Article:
The Vice Presidency
- Constitution established the vice presidency as a critically important but virtually powerless role
- Vice presidents have few formal duties or powers
- But they have to be ready to take over at a moment's notice if something happens to the president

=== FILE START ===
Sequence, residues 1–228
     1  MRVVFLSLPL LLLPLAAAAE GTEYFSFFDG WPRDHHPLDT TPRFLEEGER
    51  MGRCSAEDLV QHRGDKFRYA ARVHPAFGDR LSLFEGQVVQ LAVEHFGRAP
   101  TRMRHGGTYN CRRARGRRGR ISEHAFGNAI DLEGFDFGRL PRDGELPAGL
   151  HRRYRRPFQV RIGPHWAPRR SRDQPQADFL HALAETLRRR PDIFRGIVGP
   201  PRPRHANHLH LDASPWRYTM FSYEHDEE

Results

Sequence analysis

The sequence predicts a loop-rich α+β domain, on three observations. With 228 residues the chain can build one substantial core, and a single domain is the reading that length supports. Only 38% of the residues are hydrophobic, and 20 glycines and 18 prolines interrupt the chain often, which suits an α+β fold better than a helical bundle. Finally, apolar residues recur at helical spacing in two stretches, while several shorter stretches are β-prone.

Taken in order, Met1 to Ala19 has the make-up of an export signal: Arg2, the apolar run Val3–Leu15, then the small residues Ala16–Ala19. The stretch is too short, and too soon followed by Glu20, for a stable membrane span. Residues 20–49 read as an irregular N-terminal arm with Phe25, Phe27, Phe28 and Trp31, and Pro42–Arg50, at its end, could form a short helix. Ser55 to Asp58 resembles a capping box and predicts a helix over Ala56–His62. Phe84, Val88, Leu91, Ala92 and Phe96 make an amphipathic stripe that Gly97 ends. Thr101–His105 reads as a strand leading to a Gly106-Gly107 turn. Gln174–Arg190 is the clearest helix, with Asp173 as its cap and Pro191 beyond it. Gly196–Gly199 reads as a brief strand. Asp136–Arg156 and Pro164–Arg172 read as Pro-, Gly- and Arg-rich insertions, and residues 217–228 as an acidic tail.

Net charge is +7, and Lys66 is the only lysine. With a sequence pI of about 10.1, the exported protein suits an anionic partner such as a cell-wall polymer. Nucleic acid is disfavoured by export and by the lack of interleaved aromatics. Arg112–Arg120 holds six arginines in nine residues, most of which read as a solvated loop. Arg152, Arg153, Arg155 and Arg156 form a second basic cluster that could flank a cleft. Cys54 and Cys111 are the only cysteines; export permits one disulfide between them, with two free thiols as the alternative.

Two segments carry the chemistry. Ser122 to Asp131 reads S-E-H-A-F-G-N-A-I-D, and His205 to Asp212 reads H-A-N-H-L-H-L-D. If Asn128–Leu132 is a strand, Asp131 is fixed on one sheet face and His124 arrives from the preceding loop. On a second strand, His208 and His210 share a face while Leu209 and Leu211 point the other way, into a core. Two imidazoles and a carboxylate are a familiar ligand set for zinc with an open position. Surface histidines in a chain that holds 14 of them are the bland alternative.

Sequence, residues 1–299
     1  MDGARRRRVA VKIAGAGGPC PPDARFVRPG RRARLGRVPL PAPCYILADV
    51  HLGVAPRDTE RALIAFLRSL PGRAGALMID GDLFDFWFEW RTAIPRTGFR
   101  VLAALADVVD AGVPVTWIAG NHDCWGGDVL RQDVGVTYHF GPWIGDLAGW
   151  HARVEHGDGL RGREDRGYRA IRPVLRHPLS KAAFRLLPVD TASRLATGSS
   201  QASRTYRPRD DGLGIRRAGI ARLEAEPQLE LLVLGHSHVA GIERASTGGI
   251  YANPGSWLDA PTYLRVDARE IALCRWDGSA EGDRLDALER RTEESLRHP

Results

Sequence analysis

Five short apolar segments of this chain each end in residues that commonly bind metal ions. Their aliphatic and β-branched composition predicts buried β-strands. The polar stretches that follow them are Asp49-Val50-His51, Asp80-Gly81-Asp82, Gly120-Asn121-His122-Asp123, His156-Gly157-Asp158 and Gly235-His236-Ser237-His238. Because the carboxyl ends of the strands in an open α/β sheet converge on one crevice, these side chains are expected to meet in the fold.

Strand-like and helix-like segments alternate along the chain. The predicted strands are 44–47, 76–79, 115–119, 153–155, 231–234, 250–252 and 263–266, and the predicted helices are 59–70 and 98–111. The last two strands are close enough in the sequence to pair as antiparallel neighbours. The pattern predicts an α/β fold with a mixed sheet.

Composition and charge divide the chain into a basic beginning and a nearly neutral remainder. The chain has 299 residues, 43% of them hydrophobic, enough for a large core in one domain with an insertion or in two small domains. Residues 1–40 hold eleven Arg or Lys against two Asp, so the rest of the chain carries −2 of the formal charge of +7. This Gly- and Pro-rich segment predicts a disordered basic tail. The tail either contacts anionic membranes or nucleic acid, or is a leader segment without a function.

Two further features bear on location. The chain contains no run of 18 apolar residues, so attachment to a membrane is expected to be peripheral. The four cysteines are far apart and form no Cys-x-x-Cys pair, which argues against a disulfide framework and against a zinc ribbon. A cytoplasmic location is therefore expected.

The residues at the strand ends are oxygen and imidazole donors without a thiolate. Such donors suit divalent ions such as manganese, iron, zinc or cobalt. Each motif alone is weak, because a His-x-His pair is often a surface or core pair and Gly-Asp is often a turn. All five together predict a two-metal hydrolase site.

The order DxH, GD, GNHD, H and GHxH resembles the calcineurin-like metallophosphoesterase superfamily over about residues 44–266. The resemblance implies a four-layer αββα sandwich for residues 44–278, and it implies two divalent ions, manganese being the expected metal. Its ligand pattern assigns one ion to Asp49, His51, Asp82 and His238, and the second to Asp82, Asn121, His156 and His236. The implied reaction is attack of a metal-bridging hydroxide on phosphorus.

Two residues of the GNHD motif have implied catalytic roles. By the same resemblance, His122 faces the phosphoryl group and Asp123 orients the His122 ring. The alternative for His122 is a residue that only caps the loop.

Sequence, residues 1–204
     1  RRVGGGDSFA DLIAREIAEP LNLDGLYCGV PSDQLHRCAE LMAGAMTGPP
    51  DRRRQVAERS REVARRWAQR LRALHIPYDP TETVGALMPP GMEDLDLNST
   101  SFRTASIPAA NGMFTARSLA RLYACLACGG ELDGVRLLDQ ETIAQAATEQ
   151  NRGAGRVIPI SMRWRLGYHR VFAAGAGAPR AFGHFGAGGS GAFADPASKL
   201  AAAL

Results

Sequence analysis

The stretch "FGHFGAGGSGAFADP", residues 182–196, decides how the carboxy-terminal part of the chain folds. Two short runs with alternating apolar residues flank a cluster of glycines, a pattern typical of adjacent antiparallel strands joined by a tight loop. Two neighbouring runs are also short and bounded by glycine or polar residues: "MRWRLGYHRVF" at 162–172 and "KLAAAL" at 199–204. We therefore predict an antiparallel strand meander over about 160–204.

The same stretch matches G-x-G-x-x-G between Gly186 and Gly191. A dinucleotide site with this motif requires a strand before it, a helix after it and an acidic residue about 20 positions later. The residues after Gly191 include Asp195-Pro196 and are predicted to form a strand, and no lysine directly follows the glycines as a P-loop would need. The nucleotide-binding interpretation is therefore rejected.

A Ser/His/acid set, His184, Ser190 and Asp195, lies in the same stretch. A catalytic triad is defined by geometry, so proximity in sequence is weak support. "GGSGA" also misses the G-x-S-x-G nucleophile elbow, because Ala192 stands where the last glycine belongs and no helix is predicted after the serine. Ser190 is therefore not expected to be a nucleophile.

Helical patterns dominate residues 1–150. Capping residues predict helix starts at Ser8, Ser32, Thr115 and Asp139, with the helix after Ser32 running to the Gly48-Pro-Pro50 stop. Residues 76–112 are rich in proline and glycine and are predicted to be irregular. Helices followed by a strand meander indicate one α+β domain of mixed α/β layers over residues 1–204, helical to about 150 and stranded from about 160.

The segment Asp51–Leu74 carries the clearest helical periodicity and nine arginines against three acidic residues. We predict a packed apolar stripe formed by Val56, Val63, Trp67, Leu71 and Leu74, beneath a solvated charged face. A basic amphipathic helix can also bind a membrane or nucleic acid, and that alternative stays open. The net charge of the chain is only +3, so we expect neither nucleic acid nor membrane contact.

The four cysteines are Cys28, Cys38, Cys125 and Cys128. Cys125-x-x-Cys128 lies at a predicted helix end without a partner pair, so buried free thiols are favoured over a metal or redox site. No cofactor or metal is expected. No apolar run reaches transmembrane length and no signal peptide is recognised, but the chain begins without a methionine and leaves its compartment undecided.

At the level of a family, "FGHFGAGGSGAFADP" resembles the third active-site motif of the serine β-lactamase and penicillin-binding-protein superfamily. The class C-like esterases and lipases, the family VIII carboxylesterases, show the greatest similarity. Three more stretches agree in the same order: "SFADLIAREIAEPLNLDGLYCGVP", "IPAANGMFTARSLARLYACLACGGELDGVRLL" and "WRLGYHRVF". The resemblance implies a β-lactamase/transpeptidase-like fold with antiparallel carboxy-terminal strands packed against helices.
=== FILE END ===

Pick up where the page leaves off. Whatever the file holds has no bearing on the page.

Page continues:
When Theodore Roosevelt received the vice presidential nomination from the Republican Party in 1900, Ohio Senator and Republican strategist Mark Hanna famously remarked, "Don't any of you realize that there's only one life between this madman and the presidency?" One wonders why a powerful senator or governor would want to accept a position that could leave them on the sidelines of political influence for four or eight long years. Of course, the vice president usually has the inside shot at winning his or her party's nomination when it becomes available. But that requires a great deal of patience—or perhaps a morbid sort of ambition.